Damon Albarn Appeals to a New Kind of Audience in 'Dr. Dee'
Published: Wednesday, May 2, 2012
Updated: Tuesday, May 1, 2012 20:05
I understand what the album is meant to be and I know it’s good. I just wouldn’t recommend it. Dr. Dee is a 48-minute story about the life of John Dee, a mathematician, alchemist, philosopher and advisor to Elizabeth I. If that description didn’t make you yawn, taking Dr. Dee for a spin might do the trick.
Fans of Damon Albarn’s bands Blur and Gorillaz are in for a shocker. Albarn’s solo album is completely different from his past work. It hardly sounds like him at all. It’s mature, classic and executed well, but as a historical concept album it appeals to a different audience.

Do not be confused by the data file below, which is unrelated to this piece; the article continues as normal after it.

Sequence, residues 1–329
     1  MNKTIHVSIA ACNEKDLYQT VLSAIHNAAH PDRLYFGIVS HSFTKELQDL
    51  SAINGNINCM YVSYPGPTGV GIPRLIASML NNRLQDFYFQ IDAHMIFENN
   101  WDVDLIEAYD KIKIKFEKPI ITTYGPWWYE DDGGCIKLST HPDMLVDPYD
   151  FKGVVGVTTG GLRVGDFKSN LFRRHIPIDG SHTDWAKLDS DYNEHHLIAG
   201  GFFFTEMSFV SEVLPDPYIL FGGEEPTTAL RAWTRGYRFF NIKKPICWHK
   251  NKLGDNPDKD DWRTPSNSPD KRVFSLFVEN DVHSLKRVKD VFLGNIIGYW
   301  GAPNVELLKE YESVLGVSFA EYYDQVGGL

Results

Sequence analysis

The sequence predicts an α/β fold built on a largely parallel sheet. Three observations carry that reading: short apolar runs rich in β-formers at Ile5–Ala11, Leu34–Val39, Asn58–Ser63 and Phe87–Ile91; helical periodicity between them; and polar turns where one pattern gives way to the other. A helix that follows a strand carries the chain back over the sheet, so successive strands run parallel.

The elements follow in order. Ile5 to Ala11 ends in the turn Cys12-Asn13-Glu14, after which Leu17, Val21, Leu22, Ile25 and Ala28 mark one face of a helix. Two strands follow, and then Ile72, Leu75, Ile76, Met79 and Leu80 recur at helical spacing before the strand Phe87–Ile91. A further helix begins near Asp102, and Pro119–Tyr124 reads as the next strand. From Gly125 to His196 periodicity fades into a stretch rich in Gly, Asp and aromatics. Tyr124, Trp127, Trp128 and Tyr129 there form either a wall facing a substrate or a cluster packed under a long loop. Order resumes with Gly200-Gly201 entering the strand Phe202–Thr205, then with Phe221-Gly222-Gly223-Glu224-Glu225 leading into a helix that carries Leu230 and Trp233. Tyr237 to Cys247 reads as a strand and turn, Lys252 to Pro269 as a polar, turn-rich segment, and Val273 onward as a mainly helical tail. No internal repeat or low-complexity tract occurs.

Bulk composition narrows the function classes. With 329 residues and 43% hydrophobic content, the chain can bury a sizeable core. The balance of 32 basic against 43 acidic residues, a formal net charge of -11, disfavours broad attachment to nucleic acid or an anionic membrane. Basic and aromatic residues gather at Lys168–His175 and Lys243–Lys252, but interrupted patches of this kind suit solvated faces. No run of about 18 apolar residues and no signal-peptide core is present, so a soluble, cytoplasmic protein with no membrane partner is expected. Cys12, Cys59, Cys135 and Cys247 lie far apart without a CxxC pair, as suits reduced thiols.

It’s really quite beautiful and subtle but even as an Albarn fan, it feels a bit like walking through waist-deep mud. On the other hand, cultured fans of operas and plays will truly appreciate Dr. Dee for all it’s worth.
There are beautiful church choirs, nature sounds and interesting beats. Albarn uses his voice differently as often as he can, playing out different characters and setting the scenes in Dr. Dee’s eccentric life.
The 18-track album can feel exhausting after a while. It is complex and begs for a visual component. On its own it’s a bit underappreciated, especially as there is nothing quite like it from a musician such as Albarn. Still, going out on a limb the way he did is commendable. We tip our hat to you, good sir.